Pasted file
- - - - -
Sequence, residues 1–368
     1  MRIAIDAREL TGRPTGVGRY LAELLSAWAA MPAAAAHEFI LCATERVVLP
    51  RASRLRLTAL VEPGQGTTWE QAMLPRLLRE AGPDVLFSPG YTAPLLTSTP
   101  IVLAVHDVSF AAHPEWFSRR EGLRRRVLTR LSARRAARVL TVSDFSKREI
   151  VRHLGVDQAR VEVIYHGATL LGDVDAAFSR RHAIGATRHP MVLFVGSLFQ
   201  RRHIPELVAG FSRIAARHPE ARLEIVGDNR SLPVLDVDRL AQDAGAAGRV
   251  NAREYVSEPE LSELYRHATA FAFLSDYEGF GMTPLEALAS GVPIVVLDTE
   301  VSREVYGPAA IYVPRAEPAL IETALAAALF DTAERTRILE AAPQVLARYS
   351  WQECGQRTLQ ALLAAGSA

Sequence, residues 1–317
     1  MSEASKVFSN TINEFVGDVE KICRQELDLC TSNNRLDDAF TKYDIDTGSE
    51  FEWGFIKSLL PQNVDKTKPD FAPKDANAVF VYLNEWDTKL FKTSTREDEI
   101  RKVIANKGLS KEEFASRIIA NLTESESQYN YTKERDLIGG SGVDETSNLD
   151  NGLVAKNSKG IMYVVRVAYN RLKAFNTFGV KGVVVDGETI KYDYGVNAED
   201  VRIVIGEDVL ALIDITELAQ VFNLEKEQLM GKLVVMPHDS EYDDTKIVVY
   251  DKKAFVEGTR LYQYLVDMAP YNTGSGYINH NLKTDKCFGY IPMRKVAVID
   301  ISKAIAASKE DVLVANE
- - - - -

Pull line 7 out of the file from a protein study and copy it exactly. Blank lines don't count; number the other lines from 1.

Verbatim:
   251  NAREYVSEPE LSELYRHATA FAFLSDYEGF GMTPLEALAS GVPIVVLDTE